Abba Antony once said, “The man who abides in solitude and is quiet, is delivered from fighting three battles—those of hearing, speech and sight. Then he will have but one battle to fight—the battle of the heart.” 94

The desert will force us to hold our appetites in check, to resist the temptations of the devil and to seek the face of God. 94

Sittser suggests the following exercise. After reading Luke 4:1-13, identify an appetite that seems to be dominating your life.  Commit yourself to fasting from the appetite you have identified, for a period of time and in place of the appetite, memorize an appropriate passage and pray for areas of the world that lack what you so desperately crave. 95

This chapter stirs up all kinds of questions for me.  But on the topic of the desert:

What (if anything) can replace the desert experience for us today?  Beyond going to a literal desert (which I personally find attractive), what alternatives exist for us today? What has worked for you?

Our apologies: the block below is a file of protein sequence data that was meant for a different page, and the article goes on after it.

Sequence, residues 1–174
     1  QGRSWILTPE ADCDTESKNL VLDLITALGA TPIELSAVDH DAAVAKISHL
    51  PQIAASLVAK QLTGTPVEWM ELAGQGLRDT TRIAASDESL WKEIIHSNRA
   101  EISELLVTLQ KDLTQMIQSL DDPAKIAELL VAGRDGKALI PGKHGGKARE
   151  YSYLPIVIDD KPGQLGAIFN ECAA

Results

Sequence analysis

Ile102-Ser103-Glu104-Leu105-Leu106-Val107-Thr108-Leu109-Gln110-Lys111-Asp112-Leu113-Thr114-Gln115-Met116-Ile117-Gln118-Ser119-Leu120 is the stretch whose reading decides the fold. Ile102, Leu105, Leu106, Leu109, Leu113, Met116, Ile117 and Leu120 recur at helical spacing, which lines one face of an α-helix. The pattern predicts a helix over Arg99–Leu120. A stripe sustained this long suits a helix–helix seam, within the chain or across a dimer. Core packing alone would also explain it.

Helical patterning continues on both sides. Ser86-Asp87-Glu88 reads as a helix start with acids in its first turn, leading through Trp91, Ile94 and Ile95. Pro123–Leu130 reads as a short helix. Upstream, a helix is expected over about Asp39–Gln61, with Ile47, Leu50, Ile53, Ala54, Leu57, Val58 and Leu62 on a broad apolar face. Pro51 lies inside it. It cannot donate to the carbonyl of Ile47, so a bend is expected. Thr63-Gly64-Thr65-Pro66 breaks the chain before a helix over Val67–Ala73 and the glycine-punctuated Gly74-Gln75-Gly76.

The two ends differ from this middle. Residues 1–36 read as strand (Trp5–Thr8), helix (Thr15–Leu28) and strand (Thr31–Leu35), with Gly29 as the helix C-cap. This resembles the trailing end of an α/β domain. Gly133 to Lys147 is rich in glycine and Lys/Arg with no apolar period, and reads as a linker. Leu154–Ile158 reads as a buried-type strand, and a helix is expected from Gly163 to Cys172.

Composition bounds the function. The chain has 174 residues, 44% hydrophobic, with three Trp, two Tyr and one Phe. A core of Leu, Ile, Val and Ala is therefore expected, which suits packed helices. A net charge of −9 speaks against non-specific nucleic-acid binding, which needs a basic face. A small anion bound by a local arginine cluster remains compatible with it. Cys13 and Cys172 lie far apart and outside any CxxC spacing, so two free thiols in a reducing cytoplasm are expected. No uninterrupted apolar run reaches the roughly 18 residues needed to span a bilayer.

Lessons on spirituality from the desert saints

November 16, 2011 Leave a comment

Personal photo of Judean desert

More from Gerald Sittser’s Water from a Deep Well: Christian Spirituality from Early Martyrs to Modern Missionaries.  Today, from his chapter three which focuses on the saints who lived in the 4th and 5th centuries and lived in Egypt, Palestine and Syria.

Struggle is the key word that identifies these desert saints according to Sittser. A key Pauline passage on struggle is found in 1 Corinthians

“Do you not know that in a race all the runners run, but only one receives the prize? So run that you may obtain it.  Every athlete exercises self-control in all things. They do it to receive a perishable wreath, but we an imperishable. So I do not run aimlessly; I do not box as one beating the air. But I discipline my body and keep it under control, lest after preaching to others I myself should be disqualified.”  (1 Corinthians 9:24–27 ESV)

Now from Sittser

They believed that struggle is normal, necessary and even healthy in the spiritual life. The fallenness of the world imposes it (e.g., physical sickness, mental anguish, death of a loved one), discipleship requires it (e.g., self-sacrifice) and believers must choose to face it. We therefore cannot escape struggle, nor should we try.  Rather, we should embrace it as one aspect of our calling to discipleship, for the goal of life in this world is not ease, prosperity and success but intimacy with God, maturity of character, and influence in the world.  Struggle proves that we are taking the Christian faith seriously. 74

Regarding the desert saints,